NBC News contributor Hugh Hewitt suggests Trump still run again “even if they convicted him” in Senate impeachment trial

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Citation From the February 10, 2021, edition of Salem Radio Network’s The Hugh Hewitt Show

HUGH HEWITT (HOST): I didn't mention the impeachment trial yesterday, for the simple reason it's a sham, it's an unconstitutional exercise in politicization of the country and deepening the divisions. I love the fact — it's also over, it's over.

You think he's got enough votes to be acquitted? They can pick up all six of the Republicans who don't think it's unconstitutional. They may or may not, I don't know, they may or may not. But they're not going to get the 67 votes — not to remove him, which is why it's unconstitutional, but to allegedly bar him from office — which it would not have the effect of doing, since it is a non-jurisdictional proceeding. He could run for president even if they convicted him.

Most constitutional experts say that the continued impeachment proceeding against former President Donald Trump is constitutional, for the purpose of disqualifying former public officials from ever holding future office.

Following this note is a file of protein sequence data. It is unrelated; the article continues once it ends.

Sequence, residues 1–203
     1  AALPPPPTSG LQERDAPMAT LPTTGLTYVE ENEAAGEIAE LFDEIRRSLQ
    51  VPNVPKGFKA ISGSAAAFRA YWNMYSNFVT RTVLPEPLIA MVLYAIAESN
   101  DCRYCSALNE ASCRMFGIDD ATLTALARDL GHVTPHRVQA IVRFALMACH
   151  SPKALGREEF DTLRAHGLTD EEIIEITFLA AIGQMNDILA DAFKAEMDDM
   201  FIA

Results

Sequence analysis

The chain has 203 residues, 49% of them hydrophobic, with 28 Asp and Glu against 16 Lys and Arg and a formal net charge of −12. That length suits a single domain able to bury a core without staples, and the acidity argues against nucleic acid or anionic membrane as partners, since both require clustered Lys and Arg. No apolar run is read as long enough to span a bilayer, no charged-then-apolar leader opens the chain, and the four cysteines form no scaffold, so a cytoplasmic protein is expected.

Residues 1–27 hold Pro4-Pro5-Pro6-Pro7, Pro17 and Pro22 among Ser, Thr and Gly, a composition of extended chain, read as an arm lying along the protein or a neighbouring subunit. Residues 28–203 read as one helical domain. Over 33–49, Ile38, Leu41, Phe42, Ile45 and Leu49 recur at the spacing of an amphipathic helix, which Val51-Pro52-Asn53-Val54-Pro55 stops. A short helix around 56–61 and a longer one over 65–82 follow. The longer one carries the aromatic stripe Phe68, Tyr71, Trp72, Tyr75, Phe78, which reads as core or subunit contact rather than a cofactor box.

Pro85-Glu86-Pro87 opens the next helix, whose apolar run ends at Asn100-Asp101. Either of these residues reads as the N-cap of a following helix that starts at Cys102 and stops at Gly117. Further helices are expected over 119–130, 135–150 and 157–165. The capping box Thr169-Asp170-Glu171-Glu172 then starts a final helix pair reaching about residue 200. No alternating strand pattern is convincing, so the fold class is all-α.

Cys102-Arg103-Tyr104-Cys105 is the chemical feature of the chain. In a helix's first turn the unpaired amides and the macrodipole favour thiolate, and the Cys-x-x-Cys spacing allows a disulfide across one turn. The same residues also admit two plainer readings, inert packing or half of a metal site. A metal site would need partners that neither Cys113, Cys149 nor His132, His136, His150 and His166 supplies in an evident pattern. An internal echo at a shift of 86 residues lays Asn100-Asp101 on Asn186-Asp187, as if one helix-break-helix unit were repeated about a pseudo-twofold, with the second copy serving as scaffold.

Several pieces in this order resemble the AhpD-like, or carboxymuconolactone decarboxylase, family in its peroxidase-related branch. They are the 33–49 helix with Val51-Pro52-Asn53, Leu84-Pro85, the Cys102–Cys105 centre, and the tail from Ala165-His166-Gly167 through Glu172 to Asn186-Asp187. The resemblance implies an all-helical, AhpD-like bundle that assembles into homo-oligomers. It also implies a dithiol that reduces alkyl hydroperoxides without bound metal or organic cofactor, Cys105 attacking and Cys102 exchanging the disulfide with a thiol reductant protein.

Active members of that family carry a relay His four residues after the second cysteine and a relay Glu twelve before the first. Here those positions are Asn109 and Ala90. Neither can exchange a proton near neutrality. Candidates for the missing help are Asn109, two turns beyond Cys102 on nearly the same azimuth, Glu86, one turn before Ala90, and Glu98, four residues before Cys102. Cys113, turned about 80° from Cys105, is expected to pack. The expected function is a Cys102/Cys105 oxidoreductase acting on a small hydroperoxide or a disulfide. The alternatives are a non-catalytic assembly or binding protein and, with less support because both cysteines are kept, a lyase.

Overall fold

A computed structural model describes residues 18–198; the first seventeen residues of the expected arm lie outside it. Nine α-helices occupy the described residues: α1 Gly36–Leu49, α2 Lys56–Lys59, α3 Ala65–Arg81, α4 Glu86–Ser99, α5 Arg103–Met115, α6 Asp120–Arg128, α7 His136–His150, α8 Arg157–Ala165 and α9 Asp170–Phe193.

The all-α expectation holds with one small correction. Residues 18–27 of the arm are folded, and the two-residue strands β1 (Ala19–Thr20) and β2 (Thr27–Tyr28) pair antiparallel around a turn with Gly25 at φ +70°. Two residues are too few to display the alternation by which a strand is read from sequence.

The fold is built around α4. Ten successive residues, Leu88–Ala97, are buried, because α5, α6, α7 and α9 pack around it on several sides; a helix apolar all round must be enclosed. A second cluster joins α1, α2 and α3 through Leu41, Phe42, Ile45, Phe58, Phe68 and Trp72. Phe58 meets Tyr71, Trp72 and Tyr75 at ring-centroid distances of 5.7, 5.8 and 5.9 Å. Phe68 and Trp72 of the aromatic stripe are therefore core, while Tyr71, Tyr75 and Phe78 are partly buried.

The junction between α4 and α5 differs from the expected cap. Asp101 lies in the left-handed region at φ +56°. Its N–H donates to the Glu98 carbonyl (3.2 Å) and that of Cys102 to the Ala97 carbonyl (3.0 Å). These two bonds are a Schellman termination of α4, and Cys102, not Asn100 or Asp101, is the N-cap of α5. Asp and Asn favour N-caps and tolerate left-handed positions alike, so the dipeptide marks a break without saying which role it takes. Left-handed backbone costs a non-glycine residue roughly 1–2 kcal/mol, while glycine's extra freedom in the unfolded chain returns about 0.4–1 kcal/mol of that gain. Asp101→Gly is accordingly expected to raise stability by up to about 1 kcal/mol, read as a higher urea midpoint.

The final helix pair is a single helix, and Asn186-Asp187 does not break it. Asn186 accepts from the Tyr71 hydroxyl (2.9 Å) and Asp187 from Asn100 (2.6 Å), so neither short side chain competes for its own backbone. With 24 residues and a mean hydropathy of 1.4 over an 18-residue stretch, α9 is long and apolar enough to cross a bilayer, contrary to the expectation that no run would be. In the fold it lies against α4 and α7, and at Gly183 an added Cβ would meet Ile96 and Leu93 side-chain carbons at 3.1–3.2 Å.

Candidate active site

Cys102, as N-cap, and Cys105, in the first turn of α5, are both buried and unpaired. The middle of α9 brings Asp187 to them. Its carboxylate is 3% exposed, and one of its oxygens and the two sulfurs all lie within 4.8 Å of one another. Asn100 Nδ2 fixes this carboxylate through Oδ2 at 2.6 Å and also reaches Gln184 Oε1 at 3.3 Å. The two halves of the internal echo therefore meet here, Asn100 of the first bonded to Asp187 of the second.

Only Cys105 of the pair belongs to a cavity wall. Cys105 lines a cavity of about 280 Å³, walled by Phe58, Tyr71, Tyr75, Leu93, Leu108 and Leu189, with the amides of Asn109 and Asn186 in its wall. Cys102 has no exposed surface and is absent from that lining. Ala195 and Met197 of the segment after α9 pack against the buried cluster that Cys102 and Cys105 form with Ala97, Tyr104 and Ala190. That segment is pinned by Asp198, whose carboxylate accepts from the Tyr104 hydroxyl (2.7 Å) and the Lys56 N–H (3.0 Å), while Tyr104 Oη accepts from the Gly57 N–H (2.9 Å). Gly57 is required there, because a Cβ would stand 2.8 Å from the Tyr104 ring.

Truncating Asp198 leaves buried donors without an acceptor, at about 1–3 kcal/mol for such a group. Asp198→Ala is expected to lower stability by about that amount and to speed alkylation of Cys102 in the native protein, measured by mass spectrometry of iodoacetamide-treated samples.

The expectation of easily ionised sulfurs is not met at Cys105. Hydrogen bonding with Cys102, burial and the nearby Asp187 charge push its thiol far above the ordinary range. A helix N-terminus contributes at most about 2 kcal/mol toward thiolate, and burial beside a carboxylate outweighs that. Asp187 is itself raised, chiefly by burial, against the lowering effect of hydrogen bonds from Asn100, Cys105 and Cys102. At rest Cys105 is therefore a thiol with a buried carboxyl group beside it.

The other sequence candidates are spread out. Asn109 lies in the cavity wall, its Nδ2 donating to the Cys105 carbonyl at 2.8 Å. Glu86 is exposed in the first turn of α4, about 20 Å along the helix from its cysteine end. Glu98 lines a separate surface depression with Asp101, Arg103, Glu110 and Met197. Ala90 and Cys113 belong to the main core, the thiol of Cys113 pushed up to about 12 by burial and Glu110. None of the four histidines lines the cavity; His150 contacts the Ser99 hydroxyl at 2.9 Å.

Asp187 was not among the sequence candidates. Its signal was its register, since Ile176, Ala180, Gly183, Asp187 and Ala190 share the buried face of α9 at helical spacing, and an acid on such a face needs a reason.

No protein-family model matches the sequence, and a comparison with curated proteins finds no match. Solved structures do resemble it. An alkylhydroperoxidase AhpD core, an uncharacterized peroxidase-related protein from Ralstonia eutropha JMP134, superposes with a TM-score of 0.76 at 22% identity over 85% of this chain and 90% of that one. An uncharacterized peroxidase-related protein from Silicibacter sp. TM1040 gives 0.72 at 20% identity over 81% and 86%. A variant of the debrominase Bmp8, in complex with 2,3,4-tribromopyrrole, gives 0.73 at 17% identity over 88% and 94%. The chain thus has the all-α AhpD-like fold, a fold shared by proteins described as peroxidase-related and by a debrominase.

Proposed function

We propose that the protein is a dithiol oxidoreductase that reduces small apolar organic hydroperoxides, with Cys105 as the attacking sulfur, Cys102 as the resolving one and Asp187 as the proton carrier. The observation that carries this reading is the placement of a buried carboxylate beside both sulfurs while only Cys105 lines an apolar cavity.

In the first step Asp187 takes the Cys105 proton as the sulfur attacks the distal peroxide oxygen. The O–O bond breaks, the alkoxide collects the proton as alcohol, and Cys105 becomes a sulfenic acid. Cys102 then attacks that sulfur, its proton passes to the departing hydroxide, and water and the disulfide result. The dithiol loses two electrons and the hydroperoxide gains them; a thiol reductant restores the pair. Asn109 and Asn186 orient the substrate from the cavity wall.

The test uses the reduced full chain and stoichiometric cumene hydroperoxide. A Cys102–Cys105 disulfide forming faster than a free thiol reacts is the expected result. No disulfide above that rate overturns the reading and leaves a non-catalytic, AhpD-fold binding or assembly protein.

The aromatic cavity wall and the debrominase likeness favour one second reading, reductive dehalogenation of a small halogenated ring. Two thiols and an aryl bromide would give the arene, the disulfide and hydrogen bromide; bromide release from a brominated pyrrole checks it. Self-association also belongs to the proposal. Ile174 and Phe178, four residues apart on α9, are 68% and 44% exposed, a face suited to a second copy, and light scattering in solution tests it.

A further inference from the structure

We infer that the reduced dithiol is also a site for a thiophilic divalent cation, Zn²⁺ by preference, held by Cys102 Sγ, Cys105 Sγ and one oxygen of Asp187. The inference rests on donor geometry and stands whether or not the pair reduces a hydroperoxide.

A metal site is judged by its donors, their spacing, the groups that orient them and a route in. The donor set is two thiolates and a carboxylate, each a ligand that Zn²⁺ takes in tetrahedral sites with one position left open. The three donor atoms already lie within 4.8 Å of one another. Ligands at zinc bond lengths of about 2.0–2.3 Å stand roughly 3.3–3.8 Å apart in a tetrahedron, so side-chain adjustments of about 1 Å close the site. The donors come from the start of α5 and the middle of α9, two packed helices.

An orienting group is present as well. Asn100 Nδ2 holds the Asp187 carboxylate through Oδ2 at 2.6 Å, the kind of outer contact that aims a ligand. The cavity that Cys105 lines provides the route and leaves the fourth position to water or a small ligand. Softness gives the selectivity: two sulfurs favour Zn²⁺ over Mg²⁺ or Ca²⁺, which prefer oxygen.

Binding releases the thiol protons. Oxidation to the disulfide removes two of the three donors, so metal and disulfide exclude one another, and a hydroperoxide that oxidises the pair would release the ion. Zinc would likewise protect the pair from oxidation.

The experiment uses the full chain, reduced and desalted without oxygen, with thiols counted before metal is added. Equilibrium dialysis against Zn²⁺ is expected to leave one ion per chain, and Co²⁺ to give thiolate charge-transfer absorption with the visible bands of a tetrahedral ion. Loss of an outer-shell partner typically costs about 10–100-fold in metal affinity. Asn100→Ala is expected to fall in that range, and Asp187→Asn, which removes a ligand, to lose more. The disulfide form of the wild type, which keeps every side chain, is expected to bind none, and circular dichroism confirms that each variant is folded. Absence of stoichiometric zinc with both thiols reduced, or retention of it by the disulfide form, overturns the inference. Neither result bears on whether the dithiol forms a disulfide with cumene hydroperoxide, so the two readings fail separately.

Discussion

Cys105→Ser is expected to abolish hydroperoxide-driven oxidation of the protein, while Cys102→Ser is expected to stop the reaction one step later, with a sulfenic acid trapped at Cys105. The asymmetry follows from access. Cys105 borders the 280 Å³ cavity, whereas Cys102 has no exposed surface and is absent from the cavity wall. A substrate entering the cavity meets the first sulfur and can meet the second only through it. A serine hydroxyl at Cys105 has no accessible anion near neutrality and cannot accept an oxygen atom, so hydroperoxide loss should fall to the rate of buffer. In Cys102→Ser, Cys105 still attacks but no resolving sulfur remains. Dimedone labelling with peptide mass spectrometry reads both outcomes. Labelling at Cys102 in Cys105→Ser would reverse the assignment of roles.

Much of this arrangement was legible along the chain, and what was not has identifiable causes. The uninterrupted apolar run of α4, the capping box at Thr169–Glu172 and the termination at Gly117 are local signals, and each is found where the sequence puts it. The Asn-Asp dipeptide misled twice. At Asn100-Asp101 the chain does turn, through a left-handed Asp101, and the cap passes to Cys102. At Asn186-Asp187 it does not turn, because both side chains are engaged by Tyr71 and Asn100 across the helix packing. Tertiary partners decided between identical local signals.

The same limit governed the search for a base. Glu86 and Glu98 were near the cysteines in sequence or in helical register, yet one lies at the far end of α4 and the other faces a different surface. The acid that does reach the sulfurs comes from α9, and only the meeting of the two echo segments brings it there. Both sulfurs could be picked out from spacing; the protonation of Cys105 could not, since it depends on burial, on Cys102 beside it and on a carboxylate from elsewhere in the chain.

If this were not so, as a bipartisan group of legal scholars explained, “then an official who betrayed the public trust and was impeached could avoid accountability simply by resigning one minute before the Senate’s final conviction vote.”

Furthermore, the House of Representatives had impeached Trump for the second time while he was still president, on January 13. While that occurred, Sen. Mitch McConnell (R-KY) refused to bring the Senate back to conduct a trial during the remaining week that he was still the majority leader, which thus resulted in Trump’s trial being pushed into President Joe Biden’s term.